The latest findings of the Neurinox consortium, and its efforts to develop new drugs and personalized medicine approaches f were presented at the Neurinox International Symposium on “Innovative concepts for treating neurodegenerative diseases” held in Turin, Italy, on Sept. 23-24, 2015.
The symposium integrated Neurinox results into a larger context: patient representatives and opinion leaders from the pharmaceutical industry provided their views, while high school and university students were invited to offer a fresh vision. Louise Hoffsten, a Swedish musician who suffers from multiple sclerosis shared her expectations: “Lots of medicines were made since I got diagnosed; from the beginning there was nothing. Now there are a lot but it is never enough. I hope I can live to a day when I can experience a cure.”
Karl-Heinz Krause, the Neurinox project’s director, a professor of Medicine at the Université de Genéve Faculty of Medicine’s Department of Pathology and Immunology, and the University Hospitals in Geneva, observes regarding the novel treatments for neurodegenerative diseases: “There is a realistic chance that Neurinox can contribute to new and efficient therapies: NOX targeting might be a part of the solution.”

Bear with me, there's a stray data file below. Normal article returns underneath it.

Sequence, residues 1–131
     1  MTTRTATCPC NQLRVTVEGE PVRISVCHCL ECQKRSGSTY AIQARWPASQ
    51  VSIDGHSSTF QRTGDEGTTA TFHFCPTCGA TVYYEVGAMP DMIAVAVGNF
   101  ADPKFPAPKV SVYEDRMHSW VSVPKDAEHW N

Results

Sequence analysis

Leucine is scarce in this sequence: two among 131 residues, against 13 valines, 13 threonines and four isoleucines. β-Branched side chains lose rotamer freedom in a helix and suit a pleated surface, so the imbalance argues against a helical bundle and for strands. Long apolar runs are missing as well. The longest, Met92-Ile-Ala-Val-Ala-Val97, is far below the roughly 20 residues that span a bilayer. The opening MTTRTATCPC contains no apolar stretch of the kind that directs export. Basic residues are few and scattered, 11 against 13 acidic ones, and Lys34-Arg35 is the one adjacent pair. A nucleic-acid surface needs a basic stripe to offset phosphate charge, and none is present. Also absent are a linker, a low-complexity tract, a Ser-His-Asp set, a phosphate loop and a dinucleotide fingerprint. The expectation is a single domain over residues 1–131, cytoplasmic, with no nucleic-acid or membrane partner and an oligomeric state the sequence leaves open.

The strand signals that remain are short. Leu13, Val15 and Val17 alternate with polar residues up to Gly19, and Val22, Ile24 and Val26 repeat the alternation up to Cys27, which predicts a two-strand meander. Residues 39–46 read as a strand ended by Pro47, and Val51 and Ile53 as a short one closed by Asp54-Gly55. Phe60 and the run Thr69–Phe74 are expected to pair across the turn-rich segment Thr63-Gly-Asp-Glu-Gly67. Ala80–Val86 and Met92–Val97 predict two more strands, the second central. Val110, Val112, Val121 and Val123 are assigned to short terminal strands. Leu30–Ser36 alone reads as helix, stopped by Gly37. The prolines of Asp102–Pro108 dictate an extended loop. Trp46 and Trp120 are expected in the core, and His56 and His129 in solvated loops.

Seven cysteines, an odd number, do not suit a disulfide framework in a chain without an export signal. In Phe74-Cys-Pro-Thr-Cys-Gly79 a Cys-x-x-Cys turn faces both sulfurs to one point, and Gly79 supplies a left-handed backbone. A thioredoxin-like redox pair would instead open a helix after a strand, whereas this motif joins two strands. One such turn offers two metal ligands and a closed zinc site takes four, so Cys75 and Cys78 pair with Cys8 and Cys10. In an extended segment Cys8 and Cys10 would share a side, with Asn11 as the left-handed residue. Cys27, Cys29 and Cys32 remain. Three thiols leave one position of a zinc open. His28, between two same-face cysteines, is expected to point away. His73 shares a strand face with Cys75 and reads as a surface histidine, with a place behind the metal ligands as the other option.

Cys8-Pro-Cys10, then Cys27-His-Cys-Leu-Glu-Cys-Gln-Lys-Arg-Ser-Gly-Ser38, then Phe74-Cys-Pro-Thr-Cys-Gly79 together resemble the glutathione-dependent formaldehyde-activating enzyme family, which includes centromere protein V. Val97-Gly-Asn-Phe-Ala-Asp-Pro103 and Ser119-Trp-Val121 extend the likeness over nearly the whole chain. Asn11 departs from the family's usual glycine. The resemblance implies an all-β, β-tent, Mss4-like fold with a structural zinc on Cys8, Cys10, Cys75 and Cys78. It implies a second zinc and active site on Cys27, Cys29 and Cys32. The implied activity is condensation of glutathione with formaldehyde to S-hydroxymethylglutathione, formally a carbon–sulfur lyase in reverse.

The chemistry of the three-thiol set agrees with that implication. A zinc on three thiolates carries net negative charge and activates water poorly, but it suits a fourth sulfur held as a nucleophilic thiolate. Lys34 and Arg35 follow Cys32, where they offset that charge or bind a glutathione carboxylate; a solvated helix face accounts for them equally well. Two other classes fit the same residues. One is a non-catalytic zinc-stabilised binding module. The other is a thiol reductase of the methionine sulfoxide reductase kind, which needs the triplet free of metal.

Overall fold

The University of Geneva (UNIGE) provides state-of-the-art infrastructure for research (animal facilities, genomic, proteomics and imaging platforms and clinical research center). A large part of the research performed in the laboratory of Prof. Krause in the UNIGE Department of Pathology and Immunology focuses on the role of NOX enzymes in pathophysiological situations. Several NOX isoforms were discovered in this lab and NOX1 and NOX4 knock-out mice were generated.